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To prevent heart disease…
Try: Cardiovascular workouts, 3 to 4 times a week
Heart disease is a surprising killer - higher than cancer among Australia women. So how can you stay healthy?
The word "cardio" is short for "cardiovascular," so many people know that this kind of heart-pumping exercise will keep the heart muscle strong, Perkins says. (Running, spinning, dancing, rowing, and swimming all count!) However, if you really want your heart health to benefit from your cardio workouts, you need to exercise at 80% of your maximum heart rate for at least 30 minutes, 3 to 4 times a week. (On a scale of one to 10, with 10 being as hard as you can push yourself, you should be around an 8.)
So, if you're barely breaking a sweat while walking or taking it easy during your favorite Zumba class, it's time to pick up your pace and increase your effort, Perkins says. "Cardio workouts should feel effortful—like you could do it forever but wouldn't want to."
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To ward off osteoporosis…
Try: High-impact activities, 1 to 2 times a week
According to the National Osteoporosis Foundation, approximately 1 in 2 women over age 50 will break a bone because of osteoporosis, a condition in which the bones become brittle, increasing the risk of fractures.
While you may already know that calcium can keep your skeletal system strong, recent research reveals that high-impact, weight-bearing exercise can help build bone strength, too, Perkins notes. "There's still widespread misperception that high-impact activities do more harm than good, but that's simply not the case—particularly when it comes to bone health," she says.
"Dancing, jumping jacks, racquet sports, and even adding a light jog into your go-to walking workout are all great examples of exercise that can keep your bones strong." (Not sure how to start jogging? Turn your walk into a run with the help of this 8-week training plan.)
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To fight arthritis…
Try: Strength training, 2 to 3 times a week
The risk of developing arthritis increases with age. However, chronic joint pain and stiffness can plague adults of all ages—especially those who are overweight and those who have suffered a previous joint injury, according to the Arthritis Foundation. That said, it's never too soon to start protecting your body.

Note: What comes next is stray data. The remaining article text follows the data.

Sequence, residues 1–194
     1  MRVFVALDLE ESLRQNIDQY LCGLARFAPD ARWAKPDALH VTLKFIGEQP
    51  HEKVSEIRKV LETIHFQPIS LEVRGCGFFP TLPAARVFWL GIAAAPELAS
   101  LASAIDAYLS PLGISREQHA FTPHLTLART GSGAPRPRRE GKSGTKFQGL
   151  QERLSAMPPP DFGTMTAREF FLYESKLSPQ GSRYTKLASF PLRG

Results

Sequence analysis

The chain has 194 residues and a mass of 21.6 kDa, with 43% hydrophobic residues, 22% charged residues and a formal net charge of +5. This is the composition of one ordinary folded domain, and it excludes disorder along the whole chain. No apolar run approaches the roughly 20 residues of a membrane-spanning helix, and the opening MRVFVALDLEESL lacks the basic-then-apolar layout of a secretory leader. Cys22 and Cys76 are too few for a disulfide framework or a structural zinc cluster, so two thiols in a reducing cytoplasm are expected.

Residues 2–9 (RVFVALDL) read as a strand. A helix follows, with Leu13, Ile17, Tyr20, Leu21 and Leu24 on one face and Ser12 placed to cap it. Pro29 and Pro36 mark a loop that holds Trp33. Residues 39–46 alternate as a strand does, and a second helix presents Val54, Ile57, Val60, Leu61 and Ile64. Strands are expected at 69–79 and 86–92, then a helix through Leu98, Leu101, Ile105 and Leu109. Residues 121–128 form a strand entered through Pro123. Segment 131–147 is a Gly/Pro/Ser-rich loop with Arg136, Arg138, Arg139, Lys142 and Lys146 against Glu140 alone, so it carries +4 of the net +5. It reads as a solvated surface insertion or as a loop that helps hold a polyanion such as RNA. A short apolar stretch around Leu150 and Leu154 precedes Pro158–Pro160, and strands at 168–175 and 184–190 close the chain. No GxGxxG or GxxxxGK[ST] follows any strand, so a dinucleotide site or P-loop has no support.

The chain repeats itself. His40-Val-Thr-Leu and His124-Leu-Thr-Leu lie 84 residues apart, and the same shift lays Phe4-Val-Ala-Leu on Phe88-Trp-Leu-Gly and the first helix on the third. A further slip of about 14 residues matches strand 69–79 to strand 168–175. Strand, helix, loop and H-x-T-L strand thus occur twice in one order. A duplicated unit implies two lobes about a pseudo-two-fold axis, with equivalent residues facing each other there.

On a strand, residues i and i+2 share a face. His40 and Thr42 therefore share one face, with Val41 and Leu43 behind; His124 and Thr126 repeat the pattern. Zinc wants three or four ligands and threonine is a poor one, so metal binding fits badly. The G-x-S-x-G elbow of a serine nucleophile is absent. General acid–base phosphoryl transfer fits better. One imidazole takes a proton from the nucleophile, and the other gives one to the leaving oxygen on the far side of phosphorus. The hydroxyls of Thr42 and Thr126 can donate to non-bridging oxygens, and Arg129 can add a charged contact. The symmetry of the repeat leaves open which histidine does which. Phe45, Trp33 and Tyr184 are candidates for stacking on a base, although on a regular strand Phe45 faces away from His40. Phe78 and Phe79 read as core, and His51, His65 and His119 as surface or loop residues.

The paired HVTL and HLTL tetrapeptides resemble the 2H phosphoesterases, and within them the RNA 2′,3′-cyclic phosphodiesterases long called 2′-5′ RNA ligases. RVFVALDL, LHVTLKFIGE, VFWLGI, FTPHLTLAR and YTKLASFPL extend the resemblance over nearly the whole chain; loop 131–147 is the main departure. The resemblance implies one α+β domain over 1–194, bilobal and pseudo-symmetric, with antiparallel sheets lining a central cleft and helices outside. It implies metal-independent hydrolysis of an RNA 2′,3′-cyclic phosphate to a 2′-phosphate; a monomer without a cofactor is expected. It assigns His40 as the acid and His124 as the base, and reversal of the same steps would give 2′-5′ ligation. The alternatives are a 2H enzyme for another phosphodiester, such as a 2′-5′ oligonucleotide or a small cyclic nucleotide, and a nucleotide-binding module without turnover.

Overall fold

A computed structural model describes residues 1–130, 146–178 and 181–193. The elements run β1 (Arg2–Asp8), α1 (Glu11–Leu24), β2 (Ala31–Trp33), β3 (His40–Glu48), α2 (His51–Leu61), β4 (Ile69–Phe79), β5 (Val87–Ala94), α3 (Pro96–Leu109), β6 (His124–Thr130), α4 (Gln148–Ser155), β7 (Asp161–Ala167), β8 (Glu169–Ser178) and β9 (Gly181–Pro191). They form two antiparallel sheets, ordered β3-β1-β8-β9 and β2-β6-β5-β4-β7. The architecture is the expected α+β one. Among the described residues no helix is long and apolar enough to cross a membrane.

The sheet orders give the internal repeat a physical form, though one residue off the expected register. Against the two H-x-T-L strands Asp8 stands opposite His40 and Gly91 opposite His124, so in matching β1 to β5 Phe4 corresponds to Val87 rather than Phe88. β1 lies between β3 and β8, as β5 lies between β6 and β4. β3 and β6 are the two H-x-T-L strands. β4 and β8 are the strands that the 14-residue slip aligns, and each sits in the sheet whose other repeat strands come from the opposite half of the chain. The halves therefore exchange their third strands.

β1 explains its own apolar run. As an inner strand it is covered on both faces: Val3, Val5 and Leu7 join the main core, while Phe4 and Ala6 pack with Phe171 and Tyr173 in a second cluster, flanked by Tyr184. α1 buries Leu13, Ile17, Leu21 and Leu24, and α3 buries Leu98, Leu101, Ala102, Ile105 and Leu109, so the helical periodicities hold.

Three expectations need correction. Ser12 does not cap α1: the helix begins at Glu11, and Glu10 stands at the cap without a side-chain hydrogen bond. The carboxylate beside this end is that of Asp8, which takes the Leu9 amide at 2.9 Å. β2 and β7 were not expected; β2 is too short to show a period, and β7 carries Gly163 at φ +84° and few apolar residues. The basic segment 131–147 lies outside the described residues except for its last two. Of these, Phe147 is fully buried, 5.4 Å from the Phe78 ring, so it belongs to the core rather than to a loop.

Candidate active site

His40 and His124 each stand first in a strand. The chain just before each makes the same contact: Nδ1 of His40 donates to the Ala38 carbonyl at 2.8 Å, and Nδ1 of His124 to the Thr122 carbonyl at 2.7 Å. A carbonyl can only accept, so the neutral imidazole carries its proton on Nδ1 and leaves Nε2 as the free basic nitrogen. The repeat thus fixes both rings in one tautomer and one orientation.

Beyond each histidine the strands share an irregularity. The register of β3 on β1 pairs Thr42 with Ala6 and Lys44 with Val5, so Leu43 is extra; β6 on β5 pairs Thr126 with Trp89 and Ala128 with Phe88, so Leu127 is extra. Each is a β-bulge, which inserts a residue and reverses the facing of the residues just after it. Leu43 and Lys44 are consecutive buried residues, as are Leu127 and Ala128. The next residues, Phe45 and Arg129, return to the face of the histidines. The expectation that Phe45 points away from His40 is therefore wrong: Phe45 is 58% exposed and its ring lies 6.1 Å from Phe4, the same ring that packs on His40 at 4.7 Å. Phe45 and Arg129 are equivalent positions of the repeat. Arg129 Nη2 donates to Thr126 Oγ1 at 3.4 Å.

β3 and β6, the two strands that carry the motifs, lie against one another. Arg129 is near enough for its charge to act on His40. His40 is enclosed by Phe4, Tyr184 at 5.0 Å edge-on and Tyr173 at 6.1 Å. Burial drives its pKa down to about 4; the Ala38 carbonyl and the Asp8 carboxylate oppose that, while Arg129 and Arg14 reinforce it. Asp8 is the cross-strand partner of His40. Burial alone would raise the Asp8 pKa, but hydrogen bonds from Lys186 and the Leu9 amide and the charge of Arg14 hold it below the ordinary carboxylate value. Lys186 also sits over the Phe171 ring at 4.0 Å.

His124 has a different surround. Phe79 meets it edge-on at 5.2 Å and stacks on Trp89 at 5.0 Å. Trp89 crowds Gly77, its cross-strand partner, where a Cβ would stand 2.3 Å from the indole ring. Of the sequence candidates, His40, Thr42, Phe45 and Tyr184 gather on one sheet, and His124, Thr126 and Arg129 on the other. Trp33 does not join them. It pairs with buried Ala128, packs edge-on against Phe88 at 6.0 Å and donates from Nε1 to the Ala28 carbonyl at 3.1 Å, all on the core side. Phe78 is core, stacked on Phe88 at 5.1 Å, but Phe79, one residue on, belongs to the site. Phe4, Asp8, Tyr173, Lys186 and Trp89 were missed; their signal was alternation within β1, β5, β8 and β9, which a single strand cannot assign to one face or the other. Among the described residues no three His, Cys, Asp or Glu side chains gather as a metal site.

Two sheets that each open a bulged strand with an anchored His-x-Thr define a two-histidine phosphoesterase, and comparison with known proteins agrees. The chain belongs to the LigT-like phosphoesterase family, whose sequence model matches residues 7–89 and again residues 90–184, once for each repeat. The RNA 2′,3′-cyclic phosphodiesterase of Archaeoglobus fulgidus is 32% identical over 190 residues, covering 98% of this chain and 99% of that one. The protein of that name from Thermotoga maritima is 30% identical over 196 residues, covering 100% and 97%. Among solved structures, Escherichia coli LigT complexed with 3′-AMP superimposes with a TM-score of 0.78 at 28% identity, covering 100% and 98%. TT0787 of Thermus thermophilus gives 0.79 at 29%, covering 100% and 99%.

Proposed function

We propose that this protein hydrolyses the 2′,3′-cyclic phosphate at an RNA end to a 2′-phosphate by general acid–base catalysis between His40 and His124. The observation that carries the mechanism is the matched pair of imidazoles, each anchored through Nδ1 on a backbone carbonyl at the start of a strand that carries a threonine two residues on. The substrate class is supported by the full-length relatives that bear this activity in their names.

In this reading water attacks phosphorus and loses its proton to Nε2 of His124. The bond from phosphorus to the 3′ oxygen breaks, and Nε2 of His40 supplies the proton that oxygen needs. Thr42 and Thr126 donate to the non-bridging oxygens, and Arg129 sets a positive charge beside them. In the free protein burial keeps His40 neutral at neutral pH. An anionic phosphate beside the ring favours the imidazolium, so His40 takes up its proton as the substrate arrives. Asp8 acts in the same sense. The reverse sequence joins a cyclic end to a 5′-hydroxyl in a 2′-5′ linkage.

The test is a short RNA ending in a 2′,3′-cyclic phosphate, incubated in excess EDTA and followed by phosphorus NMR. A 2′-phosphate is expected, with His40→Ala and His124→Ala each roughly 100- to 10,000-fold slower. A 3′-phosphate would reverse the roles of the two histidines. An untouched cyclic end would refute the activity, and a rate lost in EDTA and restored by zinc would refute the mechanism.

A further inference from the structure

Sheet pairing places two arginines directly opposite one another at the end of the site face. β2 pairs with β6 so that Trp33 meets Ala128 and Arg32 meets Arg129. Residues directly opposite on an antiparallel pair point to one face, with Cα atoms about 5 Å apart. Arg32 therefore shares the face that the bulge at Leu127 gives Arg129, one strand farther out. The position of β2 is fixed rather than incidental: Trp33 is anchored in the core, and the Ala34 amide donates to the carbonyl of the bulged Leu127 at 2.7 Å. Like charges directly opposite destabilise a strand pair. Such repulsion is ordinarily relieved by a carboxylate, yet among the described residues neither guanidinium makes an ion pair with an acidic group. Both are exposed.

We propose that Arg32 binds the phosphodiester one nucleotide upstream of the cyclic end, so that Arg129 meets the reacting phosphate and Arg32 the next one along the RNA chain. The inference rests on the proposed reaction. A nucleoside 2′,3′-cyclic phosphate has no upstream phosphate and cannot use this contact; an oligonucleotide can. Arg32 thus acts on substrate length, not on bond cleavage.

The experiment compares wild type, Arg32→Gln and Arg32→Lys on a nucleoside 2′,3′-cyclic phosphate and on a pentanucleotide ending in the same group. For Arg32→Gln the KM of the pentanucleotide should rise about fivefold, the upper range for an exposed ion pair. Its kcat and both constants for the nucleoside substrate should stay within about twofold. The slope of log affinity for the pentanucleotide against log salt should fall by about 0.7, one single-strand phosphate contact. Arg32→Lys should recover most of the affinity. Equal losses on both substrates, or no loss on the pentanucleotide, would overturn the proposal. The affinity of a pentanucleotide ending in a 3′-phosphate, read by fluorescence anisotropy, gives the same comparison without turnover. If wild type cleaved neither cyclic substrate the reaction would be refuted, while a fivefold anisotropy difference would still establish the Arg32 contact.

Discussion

Strength training is one of the best ways to prevent the aches and pains. "Strength training has been proven to decrease pain associated with arthritis—and prevent its onset in the first place," Perkins explains. And you don't have to spend hours in the weight room to reap the benefits. "All you really need to do is some form of a squat, deadlift, and overhead press to strengthen multiple joints and muscles."
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To fight depression…
Try: Yoga, once a week
Women between ages 45 and 64 have an increased risk of depression, according to John Hopkins Medicine.
Though any form of exercise can help stave off anxiety and depression, a growing body of research shows yoga may be particularly beneficial for reducing stress and regulating mood. One study found that yoga increases levels of GABA, a mood-regulating neurotransmitter that's typically deficient in those with depression and anxiety. Another study found that women suffering from mental distress were less stressed after participating in a three-month yoga class.
"We know that yoga is so good for stress reduction, and we know there's a correlation between stress and mood disorders," Perkins says. "Even better, certain styles of yoga are also a great weight-bearing strength workout and even offer some cardiovascular conditioning, making it a win all around."
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To fight back pain...
Try: Holding a plank for 90 seconds, 3 times a week
Most people experience back pain for the first time between the ages of 30 to 40, and back pain becomes more common as we get older, according to the National Institute of Arthritis and Musculoskeletal and Skin Diseases, a division of the National Institutes of Health.
Strengthening your core can help ward off the pain. The plank is a great move to try because it tones all of the core muscles of the body. Not only does it work the abs, it also challenges the muscles in the chest and those surrounding the spine, Perkins explains. "As these muscles become stronger, your entire midsection tightens, which ultimately supports your lower back, keeping it pain-free." (One writer took plank breaks at work every day for a month, and this is what happened.)
To ensure you're holding the plank position correctly, stack your wrists under your elbows, position your elbows under your shoulders, and push the floor away from you with your feet. Your legs should be outstretched behind you, and your feet should be shoulder-distance apart. Also, be sure to pull your bellybutton in towards your spine to turn "on" your abs. Stay here for 30 seconds, come down to your knees to take a short break, and then repeat the exercise two more times. As you get stronger, try holding the position for 90 seconds without a break. (Want to add even more protective exercises to your routine? Try these 5 best moves to prevent and ease back pain.)